It’s difficult to speak of winners and losers in a growing market, but -- as far as an ETL pecking order is concerned -- Gartner once again named Informatica Corp. ETL market champ -- for the fourth year running. The research giant says Informatica controlled a quarter of the overall ETL market in 2004 and at the same time grew its revenues by 10.8 percent over its 2003 performance. IBM/Ascential, on the other hand, was the number two player, trailing market leader Informatica by just over 5 percent and growing its revenues by 6.5 percent. SAS Institute Inc. was third, overall, but posted the most impressive growth -- 21.2 percent in 2004. Together, the big three ETL vendors controlled 60 percent of the overall market pie, with the remainder contested by a large number of small vendors, including DataMirror Corp. and Pervasive Software.
Forrester Research concurs, stating that “Ascential Software, Informatica, and SAS Institute are still the market leaders, accounting for 60% of the market in 2004. Growth comes primarily from these three vendors.”
The Gartner analysts think a number of trends will fundamentally alter the ETL marketscape, starting first and foremost with a decoupling of ETL from its BI roots. “Activity around ETL technology will continue to shift from business intelligence-oriented deployments to non-BI scenarios, such as data consistency between operational applications, master data management and system migrations,” Graham and Friedman write. “As a result, functionality such as data quality, the ability to deploy data integration functionality as a service, support for real-time data sources and seamless deployment across multiple platforms will become more important.”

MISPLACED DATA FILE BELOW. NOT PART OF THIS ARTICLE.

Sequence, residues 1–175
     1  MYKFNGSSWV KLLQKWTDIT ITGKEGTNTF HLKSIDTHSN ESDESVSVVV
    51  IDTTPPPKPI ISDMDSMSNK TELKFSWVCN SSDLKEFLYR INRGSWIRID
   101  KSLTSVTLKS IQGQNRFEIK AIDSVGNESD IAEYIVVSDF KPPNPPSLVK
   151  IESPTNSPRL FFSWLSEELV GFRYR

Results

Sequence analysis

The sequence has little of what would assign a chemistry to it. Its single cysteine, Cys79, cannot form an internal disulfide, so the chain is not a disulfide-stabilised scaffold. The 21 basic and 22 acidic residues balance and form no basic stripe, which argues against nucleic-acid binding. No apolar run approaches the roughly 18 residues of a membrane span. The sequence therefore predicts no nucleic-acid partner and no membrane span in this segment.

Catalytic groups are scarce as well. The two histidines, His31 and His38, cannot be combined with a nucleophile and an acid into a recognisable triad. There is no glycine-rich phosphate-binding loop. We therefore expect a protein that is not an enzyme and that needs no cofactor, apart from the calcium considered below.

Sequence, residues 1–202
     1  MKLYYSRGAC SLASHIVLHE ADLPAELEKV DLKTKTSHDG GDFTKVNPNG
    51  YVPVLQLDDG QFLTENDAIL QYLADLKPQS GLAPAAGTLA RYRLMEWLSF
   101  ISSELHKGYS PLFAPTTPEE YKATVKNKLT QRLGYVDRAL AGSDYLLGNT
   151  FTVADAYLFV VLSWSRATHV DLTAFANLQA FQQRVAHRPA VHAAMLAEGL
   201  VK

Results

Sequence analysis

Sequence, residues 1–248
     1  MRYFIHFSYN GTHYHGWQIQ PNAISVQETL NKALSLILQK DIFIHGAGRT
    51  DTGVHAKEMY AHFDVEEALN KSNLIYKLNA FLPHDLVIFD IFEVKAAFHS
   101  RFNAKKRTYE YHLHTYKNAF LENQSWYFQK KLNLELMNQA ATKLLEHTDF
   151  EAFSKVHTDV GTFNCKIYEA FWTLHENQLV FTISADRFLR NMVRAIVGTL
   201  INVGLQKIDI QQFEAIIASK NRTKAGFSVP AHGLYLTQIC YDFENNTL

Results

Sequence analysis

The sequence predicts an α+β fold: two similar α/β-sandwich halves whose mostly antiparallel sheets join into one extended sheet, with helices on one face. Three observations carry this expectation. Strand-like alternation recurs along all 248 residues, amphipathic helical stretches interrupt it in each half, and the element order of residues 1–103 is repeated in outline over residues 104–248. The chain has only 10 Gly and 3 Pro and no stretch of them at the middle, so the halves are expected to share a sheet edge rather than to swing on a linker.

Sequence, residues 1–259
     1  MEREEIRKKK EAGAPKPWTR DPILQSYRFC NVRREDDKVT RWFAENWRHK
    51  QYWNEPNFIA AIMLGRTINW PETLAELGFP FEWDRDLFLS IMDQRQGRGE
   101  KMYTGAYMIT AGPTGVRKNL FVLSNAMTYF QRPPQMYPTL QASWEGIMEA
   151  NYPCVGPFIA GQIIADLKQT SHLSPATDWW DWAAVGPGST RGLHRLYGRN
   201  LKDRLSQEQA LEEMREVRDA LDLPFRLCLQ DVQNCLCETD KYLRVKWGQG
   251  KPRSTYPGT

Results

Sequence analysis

Separately, competition from relational database vendors such as Microsoft Corp. and Oracle Corp. will start to take a bite out of enterprise ETL license revenues. “These vendors offer ETL functionality bundled into the DBMS or other products for free or nearly free. This will result in a significant uptake of their offerings and will limit revenue growth for the stand-alone ETL market as a whole, and it will stunt the growth of some of today's pure-play ETL vendors.”
And just as BI vendors are pushing BI tools consolidation, so, too, are ETL vendors poised to profit from a similar round of consolidation in the data integration space. The twist, of course, is that Microsoft and Oracle will almost certainly profit, too. “As organizations are increasing purchases of data integration technologies, many are standardizing on a single tool or set of tools. This will continue to drive the bulk of the market's growth to the larger ETL and data integration vendors, including the larger DBMS vendors,” Graham and Friedman argue.
By this point, you may be wondering why you should care about the ETL market. Forrester Research states the answer succinctly: “At least 75,000 user organizations worldwide rely heavily on extract, transform, and load (ETL) tools in critical business functions, so maintaining vendor robustness and overall growth in the market is important… Given two years of high growth in a row and the imminent $1 billion milestone coming in 2005, ETL is a safe bet as a long-term technology.”
Stephen Swoyer is a Nashville, TN-based freelance journalist who writes about technology.